Her eyes were still sleepy when her father woke her and she fought the light in them when she saw that it was still dark inside her room. Her dad was excited and rushed she and her sister into the kitchen of their second floor apartment. The lights were off but the room glowed in red. She could not figure out why until her mom said look girls there is a big fire downtown and you can see it all the way up here at our house. She felt butterflies in her stomach because she had never seen anything like it before.
The next day the family piled into their pick up truck and drove down the street to town. There were lots of people gathered on the side walk. As they neared the intersection Dad looked at Mom and said oh no it is the Panther Rubber. That was the factory in town where they made soles for shoes. Her eyes grew wide as they passed it by and she saw the charred wooden structure standing against the blue sky like a monster. Then she heard her mother say that a young fireman had been hurt and was in the hospital. She began to cry.
Decades later the sun shone in her eyes as she waited for the owner to help her with a request for custom moulding. The workroom was empty now and clean. The twelve pane windows hung high in the loft and streamed sunlight onto the now quiet tables. The wood was worn and hollowed out on one end where workers stood for eight or ten hours crafting mill work. She could see dust particles floating in the beams of sunlight when her thoughts were disrupted. We don't make moulding here any more miss, he said. Her heart sank because she had always ordered unusual pieces of wood intricately molded to fit her turn of the century decor from them. "What?" she replied. "I am retiring and no one wants to do this type of work anymore. I wanted to sell the shop to someone who loved to work with their hands but I got no offers. Do you know I have worked here since I was twelve!" He began to reminisce about his days of work and she could see the picture he painted for her. She could see the older men teaching him the craft. Her throat began to choke up because she was sentimental and loved the stories of those times.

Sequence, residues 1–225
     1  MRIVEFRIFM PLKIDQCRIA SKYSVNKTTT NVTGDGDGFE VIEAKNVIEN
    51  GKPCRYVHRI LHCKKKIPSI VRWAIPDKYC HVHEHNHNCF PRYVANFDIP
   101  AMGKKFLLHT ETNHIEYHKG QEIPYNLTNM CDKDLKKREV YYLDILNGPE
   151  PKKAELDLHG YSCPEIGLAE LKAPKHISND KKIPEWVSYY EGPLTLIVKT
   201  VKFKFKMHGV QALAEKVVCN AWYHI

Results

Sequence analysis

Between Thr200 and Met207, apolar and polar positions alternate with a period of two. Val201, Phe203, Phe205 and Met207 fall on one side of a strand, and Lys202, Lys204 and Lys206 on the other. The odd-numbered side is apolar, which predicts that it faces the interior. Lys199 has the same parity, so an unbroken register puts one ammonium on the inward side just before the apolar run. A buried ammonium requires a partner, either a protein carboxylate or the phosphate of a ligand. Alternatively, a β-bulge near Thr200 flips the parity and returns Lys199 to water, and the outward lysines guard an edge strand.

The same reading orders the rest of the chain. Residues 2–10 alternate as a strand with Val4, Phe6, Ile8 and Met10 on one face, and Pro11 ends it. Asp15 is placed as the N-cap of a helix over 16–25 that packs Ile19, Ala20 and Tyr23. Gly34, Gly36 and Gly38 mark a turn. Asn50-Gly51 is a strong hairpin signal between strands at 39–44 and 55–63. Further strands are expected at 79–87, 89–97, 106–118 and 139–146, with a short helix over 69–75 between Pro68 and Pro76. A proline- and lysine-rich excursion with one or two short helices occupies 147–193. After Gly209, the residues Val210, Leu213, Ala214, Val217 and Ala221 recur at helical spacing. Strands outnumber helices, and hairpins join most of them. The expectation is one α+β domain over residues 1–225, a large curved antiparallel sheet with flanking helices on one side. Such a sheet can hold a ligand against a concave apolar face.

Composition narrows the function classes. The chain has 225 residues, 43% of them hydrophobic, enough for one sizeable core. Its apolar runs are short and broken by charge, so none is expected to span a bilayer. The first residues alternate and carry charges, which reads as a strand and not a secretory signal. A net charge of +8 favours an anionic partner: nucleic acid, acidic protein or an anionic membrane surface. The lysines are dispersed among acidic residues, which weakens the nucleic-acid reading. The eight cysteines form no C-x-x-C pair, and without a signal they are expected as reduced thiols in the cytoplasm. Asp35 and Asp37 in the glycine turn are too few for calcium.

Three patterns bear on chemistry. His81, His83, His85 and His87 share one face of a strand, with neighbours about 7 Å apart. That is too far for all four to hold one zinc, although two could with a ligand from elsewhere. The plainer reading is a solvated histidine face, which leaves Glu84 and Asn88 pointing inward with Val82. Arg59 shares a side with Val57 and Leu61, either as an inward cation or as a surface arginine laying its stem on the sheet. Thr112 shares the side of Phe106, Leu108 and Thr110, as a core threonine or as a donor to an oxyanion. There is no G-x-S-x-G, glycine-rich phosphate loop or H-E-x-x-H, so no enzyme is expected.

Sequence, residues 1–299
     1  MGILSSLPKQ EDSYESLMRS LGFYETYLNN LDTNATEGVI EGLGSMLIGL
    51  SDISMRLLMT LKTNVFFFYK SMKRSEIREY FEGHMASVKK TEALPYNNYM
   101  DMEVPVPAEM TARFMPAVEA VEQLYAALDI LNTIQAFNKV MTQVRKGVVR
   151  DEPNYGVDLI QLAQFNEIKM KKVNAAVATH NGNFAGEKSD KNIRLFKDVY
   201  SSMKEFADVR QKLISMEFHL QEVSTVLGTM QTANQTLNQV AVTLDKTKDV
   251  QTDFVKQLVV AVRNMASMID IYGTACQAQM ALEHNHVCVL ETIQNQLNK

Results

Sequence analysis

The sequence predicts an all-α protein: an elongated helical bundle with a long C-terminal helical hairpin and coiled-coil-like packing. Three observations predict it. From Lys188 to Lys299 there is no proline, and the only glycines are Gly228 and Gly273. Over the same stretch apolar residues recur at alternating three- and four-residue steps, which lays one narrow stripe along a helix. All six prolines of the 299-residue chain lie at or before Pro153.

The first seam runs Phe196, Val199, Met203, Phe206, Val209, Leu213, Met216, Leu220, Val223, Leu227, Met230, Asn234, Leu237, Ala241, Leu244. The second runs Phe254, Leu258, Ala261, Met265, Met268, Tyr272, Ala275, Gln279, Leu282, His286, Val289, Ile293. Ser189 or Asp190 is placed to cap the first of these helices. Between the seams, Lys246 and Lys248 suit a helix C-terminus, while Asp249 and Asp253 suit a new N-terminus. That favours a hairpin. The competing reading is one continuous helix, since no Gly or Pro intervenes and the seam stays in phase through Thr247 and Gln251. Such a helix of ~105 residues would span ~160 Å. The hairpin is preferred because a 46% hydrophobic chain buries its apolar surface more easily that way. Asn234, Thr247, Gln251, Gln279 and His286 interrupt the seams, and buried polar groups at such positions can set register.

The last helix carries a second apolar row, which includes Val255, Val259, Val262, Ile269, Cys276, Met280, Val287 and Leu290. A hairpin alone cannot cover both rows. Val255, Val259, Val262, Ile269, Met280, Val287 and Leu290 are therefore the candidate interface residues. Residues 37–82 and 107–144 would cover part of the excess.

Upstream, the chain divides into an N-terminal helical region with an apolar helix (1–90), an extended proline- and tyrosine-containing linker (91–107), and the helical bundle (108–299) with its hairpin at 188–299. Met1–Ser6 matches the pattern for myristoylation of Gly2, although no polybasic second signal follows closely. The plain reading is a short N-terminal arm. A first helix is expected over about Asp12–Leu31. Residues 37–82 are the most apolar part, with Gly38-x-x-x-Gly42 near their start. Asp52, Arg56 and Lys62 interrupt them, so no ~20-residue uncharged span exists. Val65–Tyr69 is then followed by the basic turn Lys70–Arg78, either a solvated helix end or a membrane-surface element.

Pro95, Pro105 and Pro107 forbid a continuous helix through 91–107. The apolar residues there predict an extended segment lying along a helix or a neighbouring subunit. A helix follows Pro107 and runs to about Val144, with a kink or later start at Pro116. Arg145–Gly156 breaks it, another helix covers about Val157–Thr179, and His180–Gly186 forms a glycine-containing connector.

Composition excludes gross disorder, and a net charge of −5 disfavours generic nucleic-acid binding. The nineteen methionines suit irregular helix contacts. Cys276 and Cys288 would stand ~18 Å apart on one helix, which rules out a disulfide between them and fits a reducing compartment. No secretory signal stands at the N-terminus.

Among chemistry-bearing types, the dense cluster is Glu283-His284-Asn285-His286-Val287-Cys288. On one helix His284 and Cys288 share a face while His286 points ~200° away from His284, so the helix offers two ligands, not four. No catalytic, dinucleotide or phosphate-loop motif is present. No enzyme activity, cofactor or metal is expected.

That story came to mind as she drove the district of town that had rows of warehouses lined up along the railway. Some were made of brick and some were wooden and all with stories that were silenced now from years of neglect. She came to ferret out the story she had heard the night before on the 11:00 news. BREAKING NEWS: a fire was burning in the city. She quickly got out of bed and looked out the window to see the orange glow and a smile came across her face as she remembered being five. She almost threw on her clothes to get in the car and fetch her grandchildren out of bed to experience what she had experienced as five. Then she thought better of it, for her daughter would surely think her crazy.
The sun was bright this particular morning and the air had a prelude of fall in it. The news called the building an abandoned warehouse. They reprted that the fire began around 10:30pm and quickly went to five alarms. It was big fire for this day and age when there are smoke detectors in almost every building. As she drove the mile from home people were rushing off to work but she could see the red lights of firetrucks on the left. As she approached the intersection her heart sank. She felt sad at seeing the charred scraps of wood because she recognized that building, it was the old Batson Millworks Building. That lovely old wooden building from the early 1900's where the ghosts of carpenters have been released. It will all be forgotten now. She eyed one 12 paned window still in tact along the sidewalk and wanted to jump out of her car to rescue it....for no one will remember what it was like to have the sunbeams stream through it onto the heavy wooden floors as the whir of saw blades hummed and the men began their work day. Pin It Now!